Ex: Tete | tae | me | tete | tap | tae | mau

Some | know | but | some | NEG | know

Translation: "Some know, but some don't know", again, we see how the "me" is separating the two clauses and signifying an opposition between them because of the negative


Ex: Nlaken| kai | sain | reki | army | nafkal | me | pa

Because| sign | for | army | fight | and | go

Translation: " Because I had signed with the army to fight and then I went". The adherence of the clauses effectively changes the meaning of the "me" in this sentence, since there are no lexical markers signifying opposition of what the clauses are trying to present. Thus me serves to conjoin both the clauses. From this, one can see that the meaning of "me" is largely driven by the context of the words around it .


Other Grammatical Details[edit]

Interrogative Intonation[edit]

Intonation plays a crucial role in defining a phrase as interrogative, in this case, a characteristic rise and subsequent fall is observed in the last word (often in English this is seen as a rise in the last word of an interrogative phrase) [9]


Tags[edit]

Tags accessorize a sentence to add data to the question, often accompanied by the proper intonation cues.[9]

ko[edit]

Serving the purpose as "or", and goes to express that the opposite of the phrase or phenomena it follows could in fact be the reality

Ex: lakor | lek | na- map | ko

maybe | look | map | or

Translation: "You might have seen a map, or what?

eh[edit]

Serving the purpose as "isn't it", and this word serves as a request a repeat of the information. Note, it can be used independently and carries meaning in and of itself. Often in conversation it used by a party seeking clarification on a certain point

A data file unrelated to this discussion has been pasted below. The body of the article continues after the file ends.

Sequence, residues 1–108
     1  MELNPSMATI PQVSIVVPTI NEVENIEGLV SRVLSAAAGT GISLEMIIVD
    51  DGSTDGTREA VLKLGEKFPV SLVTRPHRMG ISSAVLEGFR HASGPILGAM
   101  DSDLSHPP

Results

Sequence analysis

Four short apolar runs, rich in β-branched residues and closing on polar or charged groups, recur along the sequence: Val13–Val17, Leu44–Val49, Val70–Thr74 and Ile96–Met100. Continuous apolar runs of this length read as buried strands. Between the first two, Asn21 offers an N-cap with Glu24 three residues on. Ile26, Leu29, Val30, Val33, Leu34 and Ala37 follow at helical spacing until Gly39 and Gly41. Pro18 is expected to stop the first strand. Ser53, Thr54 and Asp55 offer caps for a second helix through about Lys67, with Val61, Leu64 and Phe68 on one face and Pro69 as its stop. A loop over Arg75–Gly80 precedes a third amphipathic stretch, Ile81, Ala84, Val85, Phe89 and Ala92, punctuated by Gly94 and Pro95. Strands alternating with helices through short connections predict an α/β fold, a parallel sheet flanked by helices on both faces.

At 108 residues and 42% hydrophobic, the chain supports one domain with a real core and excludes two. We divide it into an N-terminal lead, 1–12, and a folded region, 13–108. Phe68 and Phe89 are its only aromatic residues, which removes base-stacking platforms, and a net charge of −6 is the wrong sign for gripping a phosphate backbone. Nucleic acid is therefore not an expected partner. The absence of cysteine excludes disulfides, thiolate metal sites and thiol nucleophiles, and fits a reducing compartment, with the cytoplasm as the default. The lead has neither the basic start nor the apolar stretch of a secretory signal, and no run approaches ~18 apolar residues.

Go[edit]

The Efate word 'go' is analogous to the English 'and' in that it connects two clauses [9]

Ex: taos | apap | nigmam | go | mama | nigmam | pak | talmat.

follow | father | 1p.POS |and | mother |1p.POS | to | garden

Translation: We then followed our father and our mother to the garden

Na[edit]

Na is a purposive word that indicates the purpose of an action[9]

Ex: totan | na | fam

sit | PURP | eat

Translation: You sit in order to eat


Clauses[edit]

The order of clauses is SVO. A sentence consists most basically of a verb stem with a subject.[9]

References[edit]

  • Ray, Sidney H. (1887). "Sketch of Nguna Grammar". The Journal of the Anthropological Institute of Great Britain and Ireland. Royal Anthropological Institute of Great Britain and Ireland. 16: 409–418. doi:10.2307/2841882. JSTOR 2841882.
  • Schütz, Albert J. (1969). "Nguna Grammar". Oceanic Linguistics Special Publications.

Notes[edit]

  1. ^ North Efate at Ethnologue (18th ed., 2015)
  2. ^ Hammarström, Harald; Forkel, Robert; Haspelmath, Martin, eds. (2017). "North Efate". Glottolog 3.0. Jena, Germany: Max Planck Institute for the Science of Human History.
  3. ^ Blench, Roger; Spriggs, Matthew (2012-10-12). Archaeology and Language III: Artefacts, Languages and Texts. Routledge. ISBN 9781134855865.
  4. ^ "Efate, North". Ethnologue. Retrieved 2018-11-13.
  5. ^ "Efate, North". Ethnologue. Retrieved 2018-11-13.
  6. ^ Schütz, Albert J. (1969). Nguna Grammar. Oceanic Linguistics Special Publications.
  7. ^ "Glottolog 3.3 - North Efate". glottolog.org. Retrieved 2018-11-13. line feed character in |title= at position 16 (help)
  8. ^ "Efate, North". Ethnologue. Retrieved 2018-11-13.
  9. ^ a b c d e f g h Theiberger. "Efate Language" (PDF).